Friday, November 20, 2009

The New Classics

This week's Booking Through Thursday question asks what authors are going to last:
Do you think any current author is of the same caliber as Dickens, Austen, Bronte, or any of the classic authors? If so, who, and why do you think so? If not, why not? What books from this era might be read 100 years from now?
This is a graduate-level question. I mean, Dickens, Austen, and Bronte probably did not consider whether anyone would be reading their books 100 years later. And I like to think that all my favorite authors will retain their appeal, as unlikely as that would be. So how can we know? My stab in the dark list includes: Saul Bellow Ian McEwan John Irving My thinking is not subject to close scrutiny. It is not based on thorough knowledge because I have not read everything these authors wrote. Perhaps Bellow does not even qualify because his books already have some years on them and may not count as "this era." But I think that the books by these authors might last because they are character-driven, complex fiction, not tied to a particular period of time. Although the stories may include particular historical events, the books do not depend on those events. They are enjoyable because of the people in them and how those people relate to each other. For instance, I prefer John Updike to John Irving. But I wonder if his Rabbit books will carry the same charge 100 years from now. They so perfectly capture post-WWII America -- the sexual revolution, the Vietnam home front, all of it. But will readers 100 years from now care about, or be able to appreciate the nuances of, the shifting zeitgeist that so shaped Rabbit Angstrom's life? On the other hand, books like Irving's World According to Garp or A Prayer for Owen Meany, or Bellow's Herzog or Humbolt's Gift, are great stories that do not require the reader to have first-hand experience. Like with Dickens' books, there are a lot of characters doing a lot of stuff. These books are entertaining, but intricate. McEwan is more of a flyer, and a couple of his earlier books do not deserve to be read today, let alone 100 years from now. But I included him on the list for a couple of reasons. First, because books like Atonement fit in with the above description. Even though the book is set in a certain time and involves a particular battle, the story does not depend on those events. The story is about the people. Future readers can understand all they need to about the historical events from the book itself -- they do not need independent knowledge. Second, McEwan's books are particularly clever and give the reader some big ideas to chew on after the plot fades. If idea-based novels are going to survive, McEwan's will be among them. Enough. I wish I could be around to learn the real answer.

11 comments :

Todd said...

You're right. The books that will be classics --- if a canon exists 100 years from now --- will become classics because they are not time bound period pieces. So much of what we're reading now will fade away because they are products of their time. If Updike stays aboard it may be for his much anthologized story "A&P" or his criticism and essays.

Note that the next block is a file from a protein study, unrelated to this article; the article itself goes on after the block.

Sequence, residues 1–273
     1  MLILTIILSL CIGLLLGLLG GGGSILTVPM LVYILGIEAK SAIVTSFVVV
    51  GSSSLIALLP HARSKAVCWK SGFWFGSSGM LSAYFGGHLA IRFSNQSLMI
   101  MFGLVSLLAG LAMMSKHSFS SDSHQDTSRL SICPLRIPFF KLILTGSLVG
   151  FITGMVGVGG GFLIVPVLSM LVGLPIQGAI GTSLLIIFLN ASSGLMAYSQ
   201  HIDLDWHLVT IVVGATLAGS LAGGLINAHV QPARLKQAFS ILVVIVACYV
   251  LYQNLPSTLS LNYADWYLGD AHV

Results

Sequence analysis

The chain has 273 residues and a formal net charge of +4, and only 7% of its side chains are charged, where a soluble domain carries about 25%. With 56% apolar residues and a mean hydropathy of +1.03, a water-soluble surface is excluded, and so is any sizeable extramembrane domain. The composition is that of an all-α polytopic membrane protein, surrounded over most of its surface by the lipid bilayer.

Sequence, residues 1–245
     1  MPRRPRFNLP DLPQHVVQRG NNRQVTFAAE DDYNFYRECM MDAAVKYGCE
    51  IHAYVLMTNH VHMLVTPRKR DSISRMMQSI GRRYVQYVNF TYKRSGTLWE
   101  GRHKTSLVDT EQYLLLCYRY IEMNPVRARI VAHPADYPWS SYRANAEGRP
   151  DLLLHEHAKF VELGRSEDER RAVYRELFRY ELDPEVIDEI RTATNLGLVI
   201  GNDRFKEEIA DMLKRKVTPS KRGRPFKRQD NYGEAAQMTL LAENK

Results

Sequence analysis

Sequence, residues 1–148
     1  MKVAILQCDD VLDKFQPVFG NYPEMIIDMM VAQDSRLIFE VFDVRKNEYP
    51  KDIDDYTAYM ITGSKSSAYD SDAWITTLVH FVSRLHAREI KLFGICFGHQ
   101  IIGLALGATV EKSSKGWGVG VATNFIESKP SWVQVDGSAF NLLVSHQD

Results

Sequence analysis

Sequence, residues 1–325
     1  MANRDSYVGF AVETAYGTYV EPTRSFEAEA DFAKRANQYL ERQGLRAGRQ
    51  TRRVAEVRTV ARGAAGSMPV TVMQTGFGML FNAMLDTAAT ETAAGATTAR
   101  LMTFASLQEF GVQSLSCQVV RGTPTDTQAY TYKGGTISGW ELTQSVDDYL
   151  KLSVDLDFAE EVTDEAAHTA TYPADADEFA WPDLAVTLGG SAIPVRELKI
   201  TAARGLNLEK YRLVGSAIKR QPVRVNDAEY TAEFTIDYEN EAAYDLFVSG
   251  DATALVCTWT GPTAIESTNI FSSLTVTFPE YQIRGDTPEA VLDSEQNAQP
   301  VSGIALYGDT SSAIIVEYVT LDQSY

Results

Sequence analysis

Lezlie said...

Excellent answer! I think you're right about idea or character-based novel being more apt to still be read in the future. As you said, those are the things that future readers will be be able to identify with as opposed to particular times or places or current pop culture.

Lezlie

Michelle (Red Headed Book Child) said...

I would probably pick Norman Mailer and Margaret Atwood for two to start. John Iriving is a good one too,.

Rose City Reader said...

Todd -- thanks for visiting! Your answer was very good -- glad I found your blog.

Lezlie -- Thanks! My answer shows my bias for character-driven novels that are long on plot. I do love a good yarn!

Michelle -- Mailer is an interesting choice. I considered including him. But I can never decide if his novels are actually good. I love them, then I wonder if they are worthy of my love. :)

Ravenous Reader said...

I do think that "classic" literature will speak to the human condition and transcend time. Good picks :)

zetor said...

Only know McEwan from your list. I have read his book 'Saturday' a while ago , thought it ok but did not have the wow facter for me.

Scobberlotcher said...

We both have Irving on our lists. You make a strong case for McEwan.

Thanks for visiting my blog!

Rose City Reader said...

Ravenous -- "speak to the human condition and transcend time" is EXACTLY what I was trying to say. Thank you!

Zetor -- Have you tried any of McEwan's other books? I liked Saturday, but do not think it is as good as some of his others. I don't find myself thinking of it like I do Amsterdam or The Innocent.

Scobberlochter -- Your post was particularly good on this subject. And I love the name of your blog!

JoAnn said...

Great answer! I should have 'played' this week... it's a very good question.

Rose City Reader said...

Thanks JoAnn! I didn't want to play because the question seemed too daunting to tackle in a blog post. But it gnawed away at me until I had to write something.

Marie said...

these are great choices. i have garp on my shelf waiting to be read; you just gave me some extra motivation.

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